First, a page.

It can be daunting to start talking about careers with your child. To help you make these conversations productive we have put together ideas from a panel of neuroscientists and psychologists who specialise in understanding teenagers and how to communicate with them. 

Dr John Coleman, Dr Rebecca McKelvey, Professor Geraint Rees and Dr Genevieve von Lob have provided their top tips on how to have productive and supportive conversations with your children about their career choices.

  1. Nothing’s set in stone: Teenagers can easily shut down or withdraw if they feel pressured in a conversation and one in five (20%) parents said if they do start a conversation about careers, it leaves them no further forward than they were before.

    Dr Rebecca reminds us that “it’s increasingly common for people to pursue a number of different careers these days, and the main thing is to take the first step.”

    Dr Genevieve suggests “Respect your child’s need to have some control over their life, and remember that we all want to feel we have a sense of autonomy, that we have made the decision which is right for us. Children can experience feelings of anxiety when thinking about the challenges of entering the world of work and making choices they know will affect their adult lives. Be supportive and encourage them to give whatever career path they choose a go, while reminding them that any decision they take is not set in stone.”

  2. Find the right environment: Many parents have found the best scenarios in which to have positive conversations with their teens are outside the home, for example, when they are taking a walk outdoors. 

    Dr Genevieve says “Many parents feel more comfortable speaking to their child outside of their home environment. A helpful reminder of how going for a walk can help establish a greater sense of intimacy and openness. Consider whether your child might feel more comfortable speaking in a side-by-side setting – such as sitting in the passenger seat while you are driving – rather than face-to-face.”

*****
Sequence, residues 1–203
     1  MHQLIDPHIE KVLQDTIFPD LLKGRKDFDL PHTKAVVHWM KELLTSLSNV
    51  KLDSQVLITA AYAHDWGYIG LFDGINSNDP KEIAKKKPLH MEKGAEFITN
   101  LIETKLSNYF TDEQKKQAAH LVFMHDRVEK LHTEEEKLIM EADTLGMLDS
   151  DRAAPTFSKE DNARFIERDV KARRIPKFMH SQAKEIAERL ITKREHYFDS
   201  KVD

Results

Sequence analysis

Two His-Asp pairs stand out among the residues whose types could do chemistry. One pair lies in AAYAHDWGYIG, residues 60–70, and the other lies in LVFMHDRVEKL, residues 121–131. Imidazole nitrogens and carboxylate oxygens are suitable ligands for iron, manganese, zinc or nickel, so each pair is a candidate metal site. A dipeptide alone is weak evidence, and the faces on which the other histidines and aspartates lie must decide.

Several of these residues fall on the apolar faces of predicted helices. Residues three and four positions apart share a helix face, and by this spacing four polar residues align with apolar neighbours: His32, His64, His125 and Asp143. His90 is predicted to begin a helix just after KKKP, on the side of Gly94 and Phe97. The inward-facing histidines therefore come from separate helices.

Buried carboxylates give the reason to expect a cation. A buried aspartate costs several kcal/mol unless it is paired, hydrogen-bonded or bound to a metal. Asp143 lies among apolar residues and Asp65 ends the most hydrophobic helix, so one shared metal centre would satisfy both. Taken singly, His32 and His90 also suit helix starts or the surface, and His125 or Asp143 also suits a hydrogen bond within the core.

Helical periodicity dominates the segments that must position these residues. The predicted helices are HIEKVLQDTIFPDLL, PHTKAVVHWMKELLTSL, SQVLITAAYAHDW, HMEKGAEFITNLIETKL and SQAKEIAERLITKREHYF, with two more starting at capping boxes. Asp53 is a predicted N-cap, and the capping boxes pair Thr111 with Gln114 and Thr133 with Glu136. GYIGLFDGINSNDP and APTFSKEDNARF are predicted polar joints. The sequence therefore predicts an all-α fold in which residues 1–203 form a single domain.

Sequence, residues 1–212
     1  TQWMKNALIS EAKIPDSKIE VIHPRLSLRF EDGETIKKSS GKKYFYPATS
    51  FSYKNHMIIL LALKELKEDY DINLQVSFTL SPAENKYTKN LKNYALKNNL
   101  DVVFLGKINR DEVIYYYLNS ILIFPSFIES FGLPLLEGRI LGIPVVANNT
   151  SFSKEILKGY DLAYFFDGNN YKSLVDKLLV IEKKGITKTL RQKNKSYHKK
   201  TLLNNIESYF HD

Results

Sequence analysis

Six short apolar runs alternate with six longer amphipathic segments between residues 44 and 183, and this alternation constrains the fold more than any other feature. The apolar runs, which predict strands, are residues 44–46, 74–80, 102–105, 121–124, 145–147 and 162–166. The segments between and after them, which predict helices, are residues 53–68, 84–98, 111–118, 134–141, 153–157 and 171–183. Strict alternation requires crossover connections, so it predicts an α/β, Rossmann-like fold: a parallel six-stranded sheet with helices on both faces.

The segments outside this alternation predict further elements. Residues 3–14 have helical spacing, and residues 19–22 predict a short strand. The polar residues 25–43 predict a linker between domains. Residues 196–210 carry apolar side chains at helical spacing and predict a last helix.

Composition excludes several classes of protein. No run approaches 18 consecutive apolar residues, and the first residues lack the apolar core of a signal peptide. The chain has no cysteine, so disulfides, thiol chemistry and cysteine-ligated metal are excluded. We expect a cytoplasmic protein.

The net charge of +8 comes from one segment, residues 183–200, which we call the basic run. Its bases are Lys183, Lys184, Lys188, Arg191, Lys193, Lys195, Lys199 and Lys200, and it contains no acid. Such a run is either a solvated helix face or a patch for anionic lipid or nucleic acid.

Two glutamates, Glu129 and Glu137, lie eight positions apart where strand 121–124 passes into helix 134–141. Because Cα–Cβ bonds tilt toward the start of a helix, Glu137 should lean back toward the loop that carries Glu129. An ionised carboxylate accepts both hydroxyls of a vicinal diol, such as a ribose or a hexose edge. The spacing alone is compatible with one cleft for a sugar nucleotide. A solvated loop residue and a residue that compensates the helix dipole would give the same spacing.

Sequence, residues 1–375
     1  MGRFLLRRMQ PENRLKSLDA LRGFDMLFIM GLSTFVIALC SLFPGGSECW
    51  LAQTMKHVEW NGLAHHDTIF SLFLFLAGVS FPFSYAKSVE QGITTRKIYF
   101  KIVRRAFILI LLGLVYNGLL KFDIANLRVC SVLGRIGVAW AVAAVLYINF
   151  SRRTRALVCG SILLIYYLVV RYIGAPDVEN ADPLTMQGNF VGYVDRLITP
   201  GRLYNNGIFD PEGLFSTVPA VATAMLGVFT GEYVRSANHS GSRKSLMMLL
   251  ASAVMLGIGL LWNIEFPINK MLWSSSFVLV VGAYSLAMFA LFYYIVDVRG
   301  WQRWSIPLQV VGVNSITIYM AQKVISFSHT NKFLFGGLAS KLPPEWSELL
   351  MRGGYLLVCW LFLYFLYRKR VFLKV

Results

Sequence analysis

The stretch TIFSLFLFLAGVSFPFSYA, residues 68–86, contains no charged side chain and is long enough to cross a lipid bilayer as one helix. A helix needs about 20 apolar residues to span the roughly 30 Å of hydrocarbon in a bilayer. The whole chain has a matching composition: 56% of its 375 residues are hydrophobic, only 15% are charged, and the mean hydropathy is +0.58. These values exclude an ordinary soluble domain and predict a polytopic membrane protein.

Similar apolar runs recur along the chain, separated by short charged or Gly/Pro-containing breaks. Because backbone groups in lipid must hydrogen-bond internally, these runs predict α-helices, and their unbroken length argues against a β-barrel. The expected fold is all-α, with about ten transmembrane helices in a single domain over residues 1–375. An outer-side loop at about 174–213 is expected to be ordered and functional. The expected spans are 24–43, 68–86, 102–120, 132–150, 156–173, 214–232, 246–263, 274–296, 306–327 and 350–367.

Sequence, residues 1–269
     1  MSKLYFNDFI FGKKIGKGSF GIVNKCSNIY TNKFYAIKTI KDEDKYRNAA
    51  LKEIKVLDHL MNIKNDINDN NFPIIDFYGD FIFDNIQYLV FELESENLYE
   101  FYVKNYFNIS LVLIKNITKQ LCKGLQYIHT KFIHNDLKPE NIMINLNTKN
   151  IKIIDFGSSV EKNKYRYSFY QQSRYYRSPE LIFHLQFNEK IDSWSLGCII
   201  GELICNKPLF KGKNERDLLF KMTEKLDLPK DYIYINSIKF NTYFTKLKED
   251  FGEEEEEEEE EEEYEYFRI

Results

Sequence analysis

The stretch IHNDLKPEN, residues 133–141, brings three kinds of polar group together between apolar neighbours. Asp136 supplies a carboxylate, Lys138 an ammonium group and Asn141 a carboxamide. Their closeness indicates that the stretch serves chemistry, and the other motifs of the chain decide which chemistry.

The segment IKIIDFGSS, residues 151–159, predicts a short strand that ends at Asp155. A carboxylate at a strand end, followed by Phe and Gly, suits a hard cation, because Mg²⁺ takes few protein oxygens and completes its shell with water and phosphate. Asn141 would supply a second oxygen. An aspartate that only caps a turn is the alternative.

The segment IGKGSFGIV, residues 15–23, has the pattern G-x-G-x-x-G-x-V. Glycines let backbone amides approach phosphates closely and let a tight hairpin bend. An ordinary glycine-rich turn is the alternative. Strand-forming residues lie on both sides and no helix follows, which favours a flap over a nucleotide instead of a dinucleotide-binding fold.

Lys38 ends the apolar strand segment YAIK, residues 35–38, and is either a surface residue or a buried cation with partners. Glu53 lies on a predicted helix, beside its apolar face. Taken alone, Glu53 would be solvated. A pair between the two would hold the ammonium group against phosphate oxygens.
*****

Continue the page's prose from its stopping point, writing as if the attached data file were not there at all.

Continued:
3. Let them lead: When starting conversations around careers, follow your child’s lead. 

    Dr John recommends “Start by asking open-ended, rather than ‘yes/no’ questions, and – above all – really listen to them. Try to “come alongside” your child, and resist any impulse to lecture or organise their life for them. If you want to have good communication it has to be two-way – as much listening as talking. One-way communication is when the parent is either telling the child something or asking for information.”

    Making your child feel valued is key to success, so starting a conversation by asking them about their passions, skills and what subjects they love, is fundamental to making them feel heard and should enable a more positive conversation. 

  4. You don’t need to have it all worked out: It can be daunting for both you and your child to have a conversation about career options.  

    Dr Rebecca said “Knowing what career your child will end up in may feel too ambitious after a few conversations so start with a short plan that develops over time. Ask them what they think their next steps will be over the next 12 months as this will help them develop a manageable pathway, while feeling invested in the plan.”

  5. Little and often: When it comes to talking about careers try not to think of it as ‘one big conversation’ that there is a big build up to. 

    Professor Geraint says “Little and often may be better than long and infrequent conversations as short, bite-sized interactions that are returned to regularly and informally are likely to be better than formal meeting-style conversations with your child. Many of these conversations may take place unpredictably and in less formal settings but that doesn’t mean they’re of poor quality. In fact, often children may be more receptive to speaking about how they feel when they don’t feel pressured.”